It has gone on to explain that when an individual has achieved emancipation from all kinds of ego and is filled with noble thoughts, divine determination, sincere heart, desire less mind and an alert and vigilant Intellect he is worthy of the knowledge of the Vedanta and only to such a modest disciple does success come just as success had come to Lord Indra in the story that has been narrated in the third chapter of the Kenopanishad. Rather it can be said that only such a student can acquire the taste of Absolute Truth.
According to the fourth chapter of the Kenopanishad, Moksha is the State of Perfection. Only when one attains moksha all time-space-causality comes to an end. The focus of this chapter is to realise that the Self which resides within our inner self is actually the All-self pervading everywhere. Only on realising the phenomenon of Moksha all delusions and sorrows ends from human life.
As the chapter goes on with the discussion of the, 'Conditioned Brahman' it has said that when an individual reaches the state of detachment from all kind of unreal entities, he gradually attaches himself with that which is Real and attains the state of Self Perfection. An individual attains self perfection when he is able to control his mind and his thought processes. One who does not carry out meditation in absolute concentration he fails to reach the stage of self perfection. To control the mind and to regulate the thoughts of the mind one needs to surrender at the feet of the Divine Being. Ultimately when an individual achieves the sacred wealth of concentration, inner purification, and Lord's Grace, he is fit to enter the last lap of the Journey to the Self. It is at this stage alone, when an aspirant recognises himself to be nothing other than the Self.
This section of the Upanishad taking cue from the third chapter has said that one who has the passionate eagerness for learning, humbleness and selflessness in his seeking and inexhaustible faith in the one's own success is believed to have attained the Indra-condition or the stage of Self Perfection.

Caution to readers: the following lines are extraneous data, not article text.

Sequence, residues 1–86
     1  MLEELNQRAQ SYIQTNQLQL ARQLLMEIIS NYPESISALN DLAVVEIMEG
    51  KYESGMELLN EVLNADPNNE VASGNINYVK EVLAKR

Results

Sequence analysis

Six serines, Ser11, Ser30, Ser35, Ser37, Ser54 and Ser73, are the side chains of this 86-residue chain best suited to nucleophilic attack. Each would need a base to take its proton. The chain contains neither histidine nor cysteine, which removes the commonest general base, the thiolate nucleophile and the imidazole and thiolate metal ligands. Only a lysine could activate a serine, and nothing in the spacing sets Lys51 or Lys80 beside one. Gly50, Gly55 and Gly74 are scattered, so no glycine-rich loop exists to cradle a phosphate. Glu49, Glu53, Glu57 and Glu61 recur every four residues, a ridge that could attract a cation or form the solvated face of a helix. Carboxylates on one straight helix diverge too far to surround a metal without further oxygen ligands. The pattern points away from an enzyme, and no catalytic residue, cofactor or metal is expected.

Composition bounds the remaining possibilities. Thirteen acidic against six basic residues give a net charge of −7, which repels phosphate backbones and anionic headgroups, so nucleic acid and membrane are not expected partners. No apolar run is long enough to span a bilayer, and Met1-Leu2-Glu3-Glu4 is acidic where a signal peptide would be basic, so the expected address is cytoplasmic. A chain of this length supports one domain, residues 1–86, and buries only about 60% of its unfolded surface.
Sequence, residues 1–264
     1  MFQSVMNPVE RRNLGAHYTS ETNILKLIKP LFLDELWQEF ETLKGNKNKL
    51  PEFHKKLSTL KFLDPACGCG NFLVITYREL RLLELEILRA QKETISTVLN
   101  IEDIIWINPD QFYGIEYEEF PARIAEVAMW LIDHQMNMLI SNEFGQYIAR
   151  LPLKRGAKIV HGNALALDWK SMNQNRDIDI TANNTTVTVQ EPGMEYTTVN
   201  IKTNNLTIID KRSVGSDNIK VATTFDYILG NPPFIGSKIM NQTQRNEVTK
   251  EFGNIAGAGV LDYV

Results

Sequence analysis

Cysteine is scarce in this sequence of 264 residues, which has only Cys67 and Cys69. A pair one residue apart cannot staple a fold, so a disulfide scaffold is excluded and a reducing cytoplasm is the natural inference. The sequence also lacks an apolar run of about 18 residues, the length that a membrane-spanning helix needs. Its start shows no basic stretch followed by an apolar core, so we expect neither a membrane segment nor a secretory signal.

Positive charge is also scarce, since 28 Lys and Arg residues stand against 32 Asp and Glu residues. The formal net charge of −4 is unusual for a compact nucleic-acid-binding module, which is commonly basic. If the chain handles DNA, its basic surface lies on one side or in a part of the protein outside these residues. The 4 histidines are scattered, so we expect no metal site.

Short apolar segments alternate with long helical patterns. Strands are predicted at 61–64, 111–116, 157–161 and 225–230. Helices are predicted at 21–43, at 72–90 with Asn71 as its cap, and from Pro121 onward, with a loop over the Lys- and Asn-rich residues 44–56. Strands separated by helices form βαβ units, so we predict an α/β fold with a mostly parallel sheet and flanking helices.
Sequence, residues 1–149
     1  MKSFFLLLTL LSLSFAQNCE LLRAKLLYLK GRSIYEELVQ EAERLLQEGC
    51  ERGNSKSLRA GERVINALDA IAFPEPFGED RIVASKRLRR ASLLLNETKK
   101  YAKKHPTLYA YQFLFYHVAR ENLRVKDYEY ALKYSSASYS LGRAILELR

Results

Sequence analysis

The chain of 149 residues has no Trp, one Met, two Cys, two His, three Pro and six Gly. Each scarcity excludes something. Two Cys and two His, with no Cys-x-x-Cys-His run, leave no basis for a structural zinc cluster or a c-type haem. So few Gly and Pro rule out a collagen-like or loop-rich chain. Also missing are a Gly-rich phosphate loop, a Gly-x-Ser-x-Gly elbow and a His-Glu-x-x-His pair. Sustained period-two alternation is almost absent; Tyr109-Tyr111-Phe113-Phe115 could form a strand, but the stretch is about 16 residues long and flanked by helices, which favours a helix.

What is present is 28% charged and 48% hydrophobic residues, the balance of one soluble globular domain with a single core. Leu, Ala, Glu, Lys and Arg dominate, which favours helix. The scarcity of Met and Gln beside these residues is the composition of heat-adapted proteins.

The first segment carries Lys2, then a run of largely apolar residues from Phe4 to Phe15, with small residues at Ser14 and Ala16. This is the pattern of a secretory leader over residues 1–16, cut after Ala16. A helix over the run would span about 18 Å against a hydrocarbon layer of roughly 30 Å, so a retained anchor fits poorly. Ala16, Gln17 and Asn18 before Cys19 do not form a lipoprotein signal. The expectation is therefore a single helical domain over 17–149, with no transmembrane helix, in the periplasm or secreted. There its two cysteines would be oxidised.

An important way to realise the Real Self is to practice meditation and dedication. When an individual practices devotion his inner self is illumined and very easily he is able to walk in the path of Absolute Truth. This section of the Kenopanishad has said that only when an individual meditates upon the All-Pervading Lord he is able to enjoy the love of the Lord and moves close to the Supreme Being and in the process is able to realise the atman or the True Self.
Last but not the least when the fourth chapter of the Kenopanishad concentrates on the phenomenon of 'Self Perfection Technique' it says that austerity, restraint and dedication are important components of the Self Perfection Technique. It says that in order to tune up with the subtlest of the subtle Truth, an individual needs to follow the virtue of austerity, restraint and absolute dedication towards work. The Upanishad says that when ones life is devoid of all the three virtues there takes place all earthly troubles. According to the Upanishad one who is able to ward off all the temptations of the mind he is able to walk in the path of Truth and hence is able to experience the Absolute Bliss. This section of the Kenopanishad has said that austerity is physical and restraint is psychological. Gradually when the physical and the psychological entities of an individual is purified and ennobled it is expected that he will dedicate himself towards selfless work.
It explains that one who has practiced both inner and outer austerity with perfect dedication, sincerity, honesty and faith he alone is fit for Karma and he alone can be called the Brahman. As he becomes the Brahman it can be said that in the due process he will be able to realise, understand and recognise his True Self. In fact it is better said that, 'to know Brahman is to be the Brahman'.
Hence it can be concluded that the last chapter of the Kenopanishad is rich in nature because it has explained the concept of the Self and Supreme Being wonderfully. It has said that sometimes soul within the living beings is obscured by sadness because it loses its God-hood. At such a juncture it is the Sadguru of the souls which make them realise that God-hood is not lost it is present within the self in its pristine glory. The soul which is known as the Jiva believes the words of the Guru and later on tries to seek the God-hood all by himself. As he continues his quest finally he discovers that God-hood lies within himself as Himself and it can be said that with the knowledge of the Self he becomes the Self. In other words it can be said that the fourth chapter is known all the more on for focusing on the techniques of Self Perfection. It has said time and again that unless Self Perfection is attained by an individual he will not be able to experience the transcendental joy.
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